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Review Article



Population Threat to Vultures in India

Subha Ganguly, Sunit Kumar Mukhopadhayay.

Abstract
Currently vulture population in India is at risk of extinction. During 1980’s, there were nearly 40 million vultures in India. It was mainly due to captive breeding in the birds. The alarming population decline was recorded in the late 1990s by the Bombay Natural History Society (BNHS). Three Gyps species are in the verge of extinction due to use of diclofenac in livestock in India, Nepal and Pakistan. Due to this, already 95% of vulture population has already declined and only 60,000 of these important scavengers are left. This has lead to the extinction of many species and many are under threat and on the verge of extinction. In 2003, the BNHS raised a campaign against use of diclofenac as the drug was widely used for poisoning the scavengers. In 2006, Government of India issued a ban on the production, sale use of the drug for use in veterinary purposes, diclofenac. Proper conservation efforts are still in needed to be planned in well organized manner for preventing this menace.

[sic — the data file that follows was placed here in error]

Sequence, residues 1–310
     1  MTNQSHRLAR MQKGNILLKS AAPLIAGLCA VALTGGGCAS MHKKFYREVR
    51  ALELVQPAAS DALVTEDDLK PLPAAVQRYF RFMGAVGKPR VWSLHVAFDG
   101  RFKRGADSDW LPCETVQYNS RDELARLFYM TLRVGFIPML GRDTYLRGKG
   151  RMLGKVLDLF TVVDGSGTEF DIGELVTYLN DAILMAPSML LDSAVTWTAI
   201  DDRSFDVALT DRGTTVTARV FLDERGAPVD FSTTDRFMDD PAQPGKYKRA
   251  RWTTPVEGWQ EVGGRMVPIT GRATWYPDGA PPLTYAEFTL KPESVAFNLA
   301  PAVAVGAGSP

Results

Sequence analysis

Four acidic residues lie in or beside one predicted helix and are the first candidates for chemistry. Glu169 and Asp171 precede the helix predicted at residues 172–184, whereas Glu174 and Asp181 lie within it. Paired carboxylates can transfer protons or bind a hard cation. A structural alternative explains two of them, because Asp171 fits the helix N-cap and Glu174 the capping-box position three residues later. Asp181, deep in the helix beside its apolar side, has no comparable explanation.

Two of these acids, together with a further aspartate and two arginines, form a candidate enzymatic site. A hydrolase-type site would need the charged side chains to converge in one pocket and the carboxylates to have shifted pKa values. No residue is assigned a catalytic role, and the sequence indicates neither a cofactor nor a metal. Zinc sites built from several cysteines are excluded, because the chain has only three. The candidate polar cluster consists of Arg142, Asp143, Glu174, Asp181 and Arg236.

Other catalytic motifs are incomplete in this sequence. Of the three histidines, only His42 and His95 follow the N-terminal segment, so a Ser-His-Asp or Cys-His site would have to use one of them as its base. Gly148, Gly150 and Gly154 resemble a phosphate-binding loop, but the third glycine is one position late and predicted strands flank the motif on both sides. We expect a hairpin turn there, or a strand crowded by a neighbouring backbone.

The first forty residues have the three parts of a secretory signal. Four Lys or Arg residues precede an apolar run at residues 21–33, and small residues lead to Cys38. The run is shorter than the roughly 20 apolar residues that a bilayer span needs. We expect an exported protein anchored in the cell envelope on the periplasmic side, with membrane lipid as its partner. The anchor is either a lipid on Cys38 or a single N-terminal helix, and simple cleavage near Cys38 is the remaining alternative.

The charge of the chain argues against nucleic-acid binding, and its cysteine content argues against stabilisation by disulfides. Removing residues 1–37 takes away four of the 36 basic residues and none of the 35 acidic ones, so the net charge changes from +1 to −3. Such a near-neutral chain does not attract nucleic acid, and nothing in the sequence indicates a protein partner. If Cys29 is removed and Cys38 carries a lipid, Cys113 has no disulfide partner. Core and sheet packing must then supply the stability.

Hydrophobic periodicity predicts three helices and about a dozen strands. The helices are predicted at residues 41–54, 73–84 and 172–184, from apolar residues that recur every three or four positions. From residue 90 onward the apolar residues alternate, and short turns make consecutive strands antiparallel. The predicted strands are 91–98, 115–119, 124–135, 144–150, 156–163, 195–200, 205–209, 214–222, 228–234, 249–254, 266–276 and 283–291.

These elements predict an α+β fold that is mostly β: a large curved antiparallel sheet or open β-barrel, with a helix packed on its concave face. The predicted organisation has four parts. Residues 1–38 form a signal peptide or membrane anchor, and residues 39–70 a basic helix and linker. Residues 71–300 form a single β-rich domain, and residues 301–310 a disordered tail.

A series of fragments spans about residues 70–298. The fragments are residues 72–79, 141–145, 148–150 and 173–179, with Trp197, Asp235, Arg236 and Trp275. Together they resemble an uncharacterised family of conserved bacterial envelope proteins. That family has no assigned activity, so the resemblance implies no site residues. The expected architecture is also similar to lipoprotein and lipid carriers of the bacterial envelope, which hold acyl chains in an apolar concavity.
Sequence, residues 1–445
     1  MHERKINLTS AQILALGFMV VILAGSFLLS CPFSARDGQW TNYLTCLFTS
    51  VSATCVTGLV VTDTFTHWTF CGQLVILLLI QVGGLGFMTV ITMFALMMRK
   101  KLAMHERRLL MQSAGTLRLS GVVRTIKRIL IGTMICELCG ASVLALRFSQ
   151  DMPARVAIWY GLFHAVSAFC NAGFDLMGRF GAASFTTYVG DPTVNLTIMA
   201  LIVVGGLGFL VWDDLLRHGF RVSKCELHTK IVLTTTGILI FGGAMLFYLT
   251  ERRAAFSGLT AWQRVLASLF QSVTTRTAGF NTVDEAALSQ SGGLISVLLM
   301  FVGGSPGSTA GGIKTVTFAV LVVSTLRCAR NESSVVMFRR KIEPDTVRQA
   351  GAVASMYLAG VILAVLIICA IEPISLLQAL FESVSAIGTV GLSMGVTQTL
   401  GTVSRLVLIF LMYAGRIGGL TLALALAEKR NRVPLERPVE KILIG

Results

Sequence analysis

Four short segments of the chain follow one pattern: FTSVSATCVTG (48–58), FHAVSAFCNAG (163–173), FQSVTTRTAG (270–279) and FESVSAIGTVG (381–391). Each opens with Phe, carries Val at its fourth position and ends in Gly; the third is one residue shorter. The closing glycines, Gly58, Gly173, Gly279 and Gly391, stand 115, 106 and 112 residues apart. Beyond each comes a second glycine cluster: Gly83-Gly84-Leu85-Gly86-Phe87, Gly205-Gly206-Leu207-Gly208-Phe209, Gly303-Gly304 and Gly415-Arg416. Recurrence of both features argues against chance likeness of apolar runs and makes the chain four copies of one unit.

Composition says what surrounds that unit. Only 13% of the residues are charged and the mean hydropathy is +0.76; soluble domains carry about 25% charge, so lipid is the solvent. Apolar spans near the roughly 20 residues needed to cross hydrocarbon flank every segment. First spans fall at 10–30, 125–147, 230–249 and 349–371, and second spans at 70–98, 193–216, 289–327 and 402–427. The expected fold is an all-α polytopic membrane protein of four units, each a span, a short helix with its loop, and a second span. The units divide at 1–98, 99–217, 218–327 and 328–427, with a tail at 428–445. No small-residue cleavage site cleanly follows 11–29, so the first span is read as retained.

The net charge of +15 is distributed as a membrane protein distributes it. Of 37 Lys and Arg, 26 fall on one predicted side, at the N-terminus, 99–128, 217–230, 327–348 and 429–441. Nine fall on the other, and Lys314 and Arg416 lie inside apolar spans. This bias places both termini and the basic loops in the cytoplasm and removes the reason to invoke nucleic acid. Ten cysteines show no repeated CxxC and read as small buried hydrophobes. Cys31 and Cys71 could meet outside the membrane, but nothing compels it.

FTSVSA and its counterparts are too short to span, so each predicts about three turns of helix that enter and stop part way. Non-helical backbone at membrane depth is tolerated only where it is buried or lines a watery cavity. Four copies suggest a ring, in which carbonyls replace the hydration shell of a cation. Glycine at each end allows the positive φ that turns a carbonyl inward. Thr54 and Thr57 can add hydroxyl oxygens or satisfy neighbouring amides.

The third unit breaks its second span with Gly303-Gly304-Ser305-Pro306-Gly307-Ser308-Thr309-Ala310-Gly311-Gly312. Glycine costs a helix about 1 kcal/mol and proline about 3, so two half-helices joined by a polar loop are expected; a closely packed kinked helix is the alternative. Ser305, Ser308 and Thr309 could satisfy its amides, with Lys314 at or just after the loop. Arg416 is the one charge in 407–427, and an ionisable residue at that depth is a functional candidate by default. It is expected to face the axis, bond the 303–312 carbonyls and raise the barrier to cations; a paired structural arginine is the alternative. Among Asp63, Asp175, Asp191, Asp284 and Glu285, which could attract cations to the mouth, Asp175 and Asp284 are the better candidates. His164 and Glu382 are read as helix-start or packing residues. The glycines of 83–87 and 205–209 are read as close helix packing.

Key words: Vulture, Extinction, Threat, Natural hazard



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